SKIP WILKINS BIOGRAPHY (Full Length) by kih21112


									SKIP WILKINS BIOGRAPHY (Full Length)

Skip Wilkins was born and raised in eastern Massachusetts. He grew
up in a musical home and began listening to jazz at a very early age.
His father played drums locally, so Skip was able to interact with
professional musicians as a small child. He first found his way to the
stage in kindergarten and has not left the stage since. In many ways
his earliest experiences have proved the most enduring. He learned to
love singing and listening to subtle harmonies before entering school,
taking particular delight in the Great American songbook repertoire of
such composers as Richard Rodgers, George Gershwin and others of
the first half of the twentieth century. Also drawn to syncopated
rhythms and polyrhythms of jazz recordings that he heard at home, it
is readily apparent that the seeds of his future style were already
planted in pre-school. Many years later, a seasoned professional
pianist, Skip is noted for his lyricism, fascination with harmonic color,
boundless rhythmic energy, and interest in exploring songs from the
Great American Songbook.

Skip has been fortunate to play with luminaries and un-sung local
players wherever he has lived. As he was coming up in Boston, he
worked with drummers Joe Hunt and Bob Moses and with saxophonists
Jimmy Mosher and John LaPorta. In Denver, where he established his
style, Skip was a well-known figure regionally, and often performed
with the marquee players when they visited the area. These included
saxophonist Plas Johnson, vocalists Mark Murphy and Darmon Meader,
trumpeter Conte Candoli, bassist Milt Hinton, and drummer Peter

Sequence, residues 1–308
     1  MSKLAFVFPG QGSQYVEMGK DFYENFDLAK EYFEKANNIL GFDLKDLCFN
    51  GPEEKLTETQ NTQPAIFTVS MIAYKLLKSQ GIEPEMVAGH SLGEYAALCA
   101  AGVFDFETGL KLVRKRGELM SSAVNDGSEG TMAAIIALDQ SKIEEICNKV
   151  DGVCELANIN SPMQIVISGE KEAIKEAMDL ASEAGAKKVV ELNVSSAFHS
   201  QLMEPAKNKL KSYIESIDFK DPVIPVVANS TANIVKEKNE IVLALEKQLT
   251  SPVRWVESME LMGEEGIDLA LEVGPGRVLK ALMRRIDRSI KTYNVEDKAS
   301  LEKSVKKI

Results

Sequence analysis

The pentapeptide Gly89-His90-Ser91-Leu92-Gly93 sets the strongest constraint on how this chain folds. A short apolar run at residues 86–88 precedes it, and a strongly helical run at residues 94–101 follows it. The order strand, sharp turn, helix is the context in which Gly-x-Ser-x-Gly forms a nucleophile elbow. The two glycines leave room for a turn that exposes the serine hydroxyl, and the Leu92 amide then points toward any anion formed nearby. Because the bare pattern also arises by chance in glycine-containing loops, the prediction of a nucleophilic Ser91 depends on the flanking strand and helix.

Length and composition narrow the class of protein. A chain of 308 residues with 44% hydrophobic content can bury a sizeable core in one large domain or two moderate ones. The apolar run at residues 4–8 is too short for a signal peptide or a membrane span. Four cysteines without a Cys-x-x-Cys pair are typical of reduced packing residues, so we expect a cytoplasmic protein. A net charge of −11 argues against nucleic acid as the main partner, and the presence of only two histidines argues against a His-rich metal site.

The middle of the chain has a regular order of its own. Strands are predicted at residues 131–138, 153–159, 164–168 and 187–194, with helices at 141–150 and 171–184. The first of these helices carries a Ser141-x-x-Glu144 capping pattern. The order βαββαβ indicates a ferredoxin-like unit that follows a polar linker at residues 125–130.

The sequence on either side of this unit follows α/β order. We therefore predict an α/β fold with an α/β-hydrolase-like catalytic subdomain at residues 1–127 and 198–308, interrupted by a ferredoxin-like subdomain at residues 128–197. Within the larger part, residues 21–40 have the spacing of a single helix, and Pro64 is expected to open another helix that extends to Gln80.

Erskine. He also made his first recording, Two Much Fun!,on Eaglear
Records, as co-leader with flutist Jill Allen. While in the Rocky
Mountain region, he toured the West with various groups and
performed regularly at all the established jazz clubs, including the
famous El Chapultepec. He also performed countless times at the
University of Northern Colorado in Greeley, where he taught during his
eight years in Colorado.

Relocated to eastern Pennsylvania in 1995, Skip resumed his
performing career on the east coast with the Wilkins & Allen Quartet.
In 2001 on Cathexis Records, Skip and Jill Allen released Petty Theft,
which featured guest performances by Grammy-nominated
saxophonist David Liebman. He also continued to perform in concert
with all-stars, including saxophonists David Sánchez, Stanley
Turrentine and Bobby Watson, trumpeter Clark Terry, trombonist Al
Grey, and drummer T.S. Monk. Of course, right in his backyard Skip
periodically performs with Philadelphia legends Mickey Roker, Larry
McKenna and John Swana, among many others. Skip plays all of the
great regional jazz venues, including Ortlieb’s Jazzhaus and Chris’s
Jazz Café, both in Philadelphia, and Delaware Water Gap’s Deer Head

In 2005, Skip formed a new working ensemble, Skip Wilkins Quintet.
Together they recorded eighteen of his original compositions, for
release on two CDs. The first, Skip Wilkins Quintet: Volume I, was
released in September of 2006 on Dreambox Media (DMJ-1101).

They followed up, in April 2007, with the release is Volume II on
Dreambox Media (DMJ-1104). Group members include bassist Tony
Marino and drummer Gary Rissmiller, with whom he has been
performing and touring for over a decade; guitarist Tom Kozic, with
whom he has given concerts for eight years; and relative newcomer
tenor saxophonist Paul Kendall. Skip is a prolific composer and he has
been on a tear with CD releases in 2006, 2007 and 2008.

Dreambox Media released Skip Wilkins Solo--Live at Lafayette (DMJ-
1109) on August 14, 2007. Skip had been thinking about recording
some solo piano music. While considering repertoire, he came across
an archival live concert recording from a performance he gave at
Lafayette College on September 16, 2000. There was no need to